The standard of singing and playing on this CD is very high. It has twin merits: on the one hand the qualities of grace, of warmth, projection, of an uplifting and precise articulation and truly thoughtful delivery – as befits the depth of the songs. On the other, the distinction of spontaneity, a hint of roughness and genuineness, immediacy and punch – which may be imagined to have been how the dozen and a half songs from the Trinity Carol Roll were first conceived, performed and came to be known. Their performance of Nova, nova [tr.11], for instance, starts and ends with the greatest attention to the text (as it should); it brings rhythm without jauntiness and gravitas without ponderousness. At times there's a hint of rubato; but always in support of the way the English carol (stanzas alternating with a burden) wove melodic lines yet grounded harmonies and melodic development in something familiar and recognizable at all turns.
The Trinity Carol Roll, from Trinity College, Cambridge (MS O.3.58), is the earliest source for the English polyphonic carol, from the fifteenth century. While some of the works on this excellent CD are to be found on numerous other CDs (the Agincourt Carol [Deo gracias Anglia], Hail Marye ful of grace, Ther is no rose, for instance), these sprightly yet considered and technically excellent accounts by Alamire (Grace Davidson, soprano; Clare Wilkinson, contralto; Nicholas Todd, tenor; Simon Wall, tenor) directed by David Skinner stand out for the way in which pace loses nothing to depth; and vice versa. In addition to the 13 carols from the Trinity Roll, five other well-known mediaeval carols are included in the hour of music on the CD.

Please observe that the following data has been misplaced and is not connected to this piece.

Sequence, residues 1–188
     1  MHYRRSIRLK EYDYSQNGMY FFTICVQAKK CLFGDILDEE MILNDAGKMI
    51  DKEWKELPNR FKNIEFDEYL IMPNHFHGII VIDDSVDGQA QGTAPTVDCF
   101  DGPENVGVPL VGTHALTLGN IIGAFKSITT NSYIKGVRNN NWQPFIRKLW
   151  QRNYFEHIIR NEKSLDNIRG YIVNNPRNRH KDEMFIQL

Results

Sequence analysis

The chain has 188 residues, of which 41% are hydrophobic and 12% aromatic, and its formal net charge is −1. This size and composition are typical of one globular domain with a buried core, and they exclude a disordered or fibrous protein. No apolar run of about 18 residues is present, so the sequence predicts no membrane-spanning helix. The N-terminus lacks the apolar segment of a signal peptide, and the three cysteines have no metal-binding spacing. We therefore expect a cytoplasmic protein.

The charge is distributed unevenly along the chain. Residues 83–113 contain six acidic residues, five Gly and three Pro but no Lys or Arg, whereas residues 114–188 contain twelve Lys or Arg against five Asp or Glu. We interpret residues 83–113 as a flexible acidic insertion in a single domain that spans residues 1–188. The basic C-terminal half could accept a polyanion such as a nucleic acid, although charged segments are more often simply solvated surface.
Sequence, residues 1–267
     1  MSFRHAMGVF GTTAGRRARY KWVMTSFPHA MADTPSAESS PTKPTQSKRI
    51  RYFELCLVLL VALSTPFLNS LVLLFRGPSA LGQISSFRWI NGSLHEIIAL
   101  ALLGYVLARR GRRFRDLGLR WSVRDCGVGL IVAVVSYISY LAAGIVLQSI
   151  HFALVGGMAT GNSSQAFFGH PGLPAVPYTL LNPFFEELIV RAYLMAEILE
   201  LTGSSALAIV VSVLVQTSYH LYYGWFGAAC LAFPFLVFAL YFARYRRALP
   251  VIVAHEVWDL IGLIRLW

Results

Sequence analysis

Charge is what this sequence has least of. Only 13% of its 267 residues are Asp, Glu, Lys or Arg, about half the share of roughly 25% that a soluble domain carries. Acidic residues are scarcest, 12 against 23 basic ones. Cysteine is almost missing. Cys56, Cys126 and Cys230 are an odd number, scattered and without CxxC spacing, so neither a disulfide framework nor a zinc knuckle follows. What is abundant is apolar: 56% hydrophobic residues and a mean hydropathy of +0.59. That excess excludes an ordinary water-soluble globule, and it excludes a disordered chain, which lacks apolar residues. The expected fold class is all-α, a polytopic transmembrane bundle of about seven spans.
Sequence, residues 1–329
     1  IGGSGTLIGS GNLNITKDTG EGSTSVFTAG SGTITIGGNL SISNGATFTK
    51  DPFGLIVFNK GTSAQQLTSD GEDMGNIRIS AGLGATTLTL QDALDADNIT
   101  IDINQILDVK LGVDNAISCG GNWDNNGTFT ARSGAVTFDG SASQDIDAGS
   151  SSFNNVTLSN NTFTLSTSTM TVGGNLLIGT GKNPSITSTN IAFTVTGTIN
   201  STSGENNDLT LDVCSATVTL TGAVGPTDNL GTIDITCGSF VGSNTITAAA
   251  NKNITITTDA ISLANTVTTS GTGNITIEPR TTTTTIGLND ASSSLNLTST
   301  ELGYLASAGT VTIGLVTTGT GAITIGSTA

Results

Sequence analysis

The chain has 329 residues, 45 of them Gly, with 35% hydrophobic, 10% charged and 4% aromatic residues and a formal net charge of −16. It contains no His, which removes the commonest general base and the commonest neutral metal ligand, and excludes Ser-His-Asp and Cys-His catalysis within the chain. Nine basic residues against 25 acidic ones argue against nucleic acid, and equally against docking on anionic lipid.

Where the music calls for sensitivity and gentle pondering of the texts, the performers bring attention and intimacy without losing momentum. Where it calls for extroversion or celebration, they offer energy and life without ever abandoning its essence or looking at it from outside. This leaves one to draw the welcome conclusion that everyone involved in the CD's production was working with similar values and working for similar musical ends; that they had an equally clear and realistic understanding of how the music works; and yet were all determined to bring a fresh but not indulgent new lease to its performance. They succeeded in every respect: voices soar and intone with real sentiment, breaths can be heard; but nothing is fey, fulsome, forced or falsely furious.
The booklet is up to the now well-established Obsidian's usual standards. It contains a useful introductory essay setting the music in context – particularly the origins, provenance and history of the manuscript; notes on the performing edition used – one Skinner prepared afresh for this recording; suggestions for further reading; brief biographies of the performers; and the texts (in Middle English, and Latin). The recording was actually made in the Wren Library, Trinity College, within yards of the location of the Roll. It's not an over atmospheric acoustic… the solo recorder at the start of Lullay, lullay [tr.9], for example, is close with next to no reverberation. The balance between voices and instruments is perfect, slightly favoring the former. No dressing up or romanticization; the music sounds as contemporary singers and players might have valued it. That sums up this recording, which is one which those new to the carols could well have as their first choice; while those with other recordings of this music will want to investigate it – particularly at its bargain price. Recommended.
Copyright © 2012, Mark Sealey.